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Frederic Robinson – 'Mixed Signals' album review

Classic drum and bass? You haven’t heard it till you've heard this violinist-turned-jungle producer

Frederic Robinson was just four years old when someone thrust a violin into his clammy, infant hands, and encouraged him to start playing. He could have gone the way of a quietly precocious classical genius – you know, a bit weird – but instead, aged 21, the German is unleashing his latent and healthy desire to simply bash stuff about.

Specifically, he’s made an album that combines drum and bass hyperactivity with classical strings. Yes, that sounds like the sort of worthy mash-up you might hear as part of a particularly earnest season of Barbican music programming, but it’s not simply an exercise in high-minded genre-bending. It sounds really good. ‘Mixed Signals’ matches Aphex Twin’s blaring, uptempo futurism with the proud, staccato perkiness of a classical string quartet, and it doesn’t miss a beat.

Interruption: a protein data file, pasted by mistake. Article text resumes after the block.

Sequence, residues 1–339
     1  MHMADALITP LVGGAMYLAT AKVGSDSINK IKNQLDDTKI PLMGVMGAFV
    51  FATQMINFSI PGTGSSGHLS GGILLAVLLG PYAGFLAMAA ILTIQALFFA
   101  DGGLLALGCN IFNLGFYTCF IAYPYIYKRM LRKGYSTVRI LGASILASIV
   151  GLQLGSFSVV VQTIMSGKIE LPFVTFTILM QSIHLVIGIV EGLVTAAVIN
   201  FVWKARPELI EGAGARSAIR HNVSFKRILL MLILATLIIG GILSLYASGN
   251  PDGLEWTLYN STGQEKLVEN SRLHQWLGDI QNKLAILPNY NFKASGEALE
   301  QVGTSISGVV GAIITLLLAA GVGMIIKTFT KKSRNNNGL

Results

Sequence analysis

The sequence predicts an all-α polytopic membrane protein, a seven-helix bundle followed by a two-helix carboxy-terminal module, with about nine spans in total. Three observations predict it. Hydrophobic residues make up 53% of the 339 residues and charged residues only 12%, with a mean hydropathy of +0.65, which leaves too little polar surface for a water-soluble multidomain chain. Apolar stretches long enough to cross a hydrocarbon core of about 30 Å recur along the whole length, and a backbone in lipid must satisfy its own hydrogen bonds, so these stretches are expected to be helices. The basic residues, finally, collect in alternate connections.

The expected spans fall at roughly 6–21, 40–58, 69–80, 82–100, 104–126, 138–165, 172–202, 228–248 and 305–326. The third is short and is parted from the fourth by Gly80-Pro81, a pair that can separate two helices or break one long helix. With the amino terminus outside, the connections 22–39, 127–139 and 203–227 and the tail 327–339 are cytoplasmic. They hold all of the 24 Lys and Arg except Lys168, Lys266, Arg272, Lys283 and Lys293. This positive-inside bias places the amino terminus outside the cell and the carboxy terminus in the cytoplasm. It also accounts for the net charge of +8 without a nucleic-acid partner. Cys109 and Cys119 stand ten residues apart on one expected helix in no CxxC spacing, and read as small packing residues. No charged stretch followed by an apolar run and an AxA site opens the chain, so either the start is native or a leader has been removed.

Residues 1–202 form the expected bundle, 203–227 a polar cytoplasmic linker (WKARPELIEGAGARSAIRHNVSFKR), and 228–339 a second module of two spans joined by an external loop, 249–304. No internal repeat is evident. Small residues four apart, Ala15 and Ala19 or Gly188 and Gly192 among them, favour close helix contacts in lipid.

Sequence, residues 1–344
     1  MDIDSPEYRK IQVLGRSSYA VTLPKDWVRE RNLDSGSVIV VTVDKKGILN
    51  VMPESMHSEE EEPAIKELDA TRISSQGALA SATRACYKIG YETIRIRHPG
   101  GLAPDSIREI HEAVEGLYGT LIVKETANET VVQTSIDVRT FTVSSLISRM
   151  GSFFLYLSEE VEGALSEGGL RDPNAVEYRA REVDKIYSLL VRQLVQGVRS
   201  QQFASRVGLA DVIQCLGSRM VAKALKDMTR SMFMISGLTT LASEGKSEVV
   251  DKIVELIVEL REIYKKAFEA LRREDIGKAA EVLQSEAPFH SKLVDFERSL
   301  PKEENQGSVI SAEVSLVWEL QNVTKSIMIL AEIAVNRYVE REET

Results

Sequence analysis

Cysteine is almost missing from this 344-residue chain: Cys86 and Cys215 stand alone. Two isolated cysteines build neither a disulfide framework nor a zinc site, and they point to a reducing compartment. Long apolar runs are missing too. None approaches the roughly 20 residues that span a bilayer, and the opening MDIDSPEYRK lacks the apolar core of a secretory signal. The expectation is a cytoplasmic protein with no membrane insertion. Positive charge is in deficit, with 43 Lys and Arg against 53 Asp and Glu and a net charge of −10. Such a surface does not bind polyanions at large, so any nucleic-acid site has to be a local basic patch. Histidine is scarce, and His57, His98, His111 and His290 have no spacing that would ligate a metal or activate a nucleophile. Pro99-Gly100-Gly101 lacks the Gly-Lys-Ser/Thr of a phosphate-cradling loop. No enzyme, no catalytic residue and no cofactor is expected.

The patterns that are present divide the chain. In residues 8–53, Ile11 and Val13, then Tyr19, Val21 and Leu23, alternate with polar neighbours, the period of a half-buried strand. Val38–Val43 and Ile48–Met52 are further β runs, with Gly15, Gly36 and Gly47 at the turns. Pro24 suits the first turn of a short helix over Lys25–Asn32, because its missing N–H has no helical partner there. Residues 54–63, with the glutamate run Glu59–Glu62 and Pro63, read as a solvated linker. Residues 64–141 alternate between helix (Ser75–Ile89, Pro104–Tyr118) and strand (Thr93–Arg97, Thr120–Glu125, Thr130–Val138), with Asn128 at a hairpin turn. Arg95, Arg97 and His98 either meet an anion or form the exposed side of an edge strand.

Opener ‘Theme Park’ is melodic, happy-clappy music for bouncing about to on a late-night high – something akin to an acid trip at a Kings Of Convenience gig. ‘Shut’ creates warm, lapping waves of childishly innocent electronica, while ‘Bloom’ takes things into darker territory – its D&B breaks sound less like the familiar ear explosions of a 160BPM soundsystem banger, and more like curious bugs scuttling deeper into the shadows.

‘Mixed Signals’ has sensitivity, virtuosity and a lot of Robinson’s scatterbrained charm. It’s the sound a well-adjusted kid, acting out in just the way he ought to.
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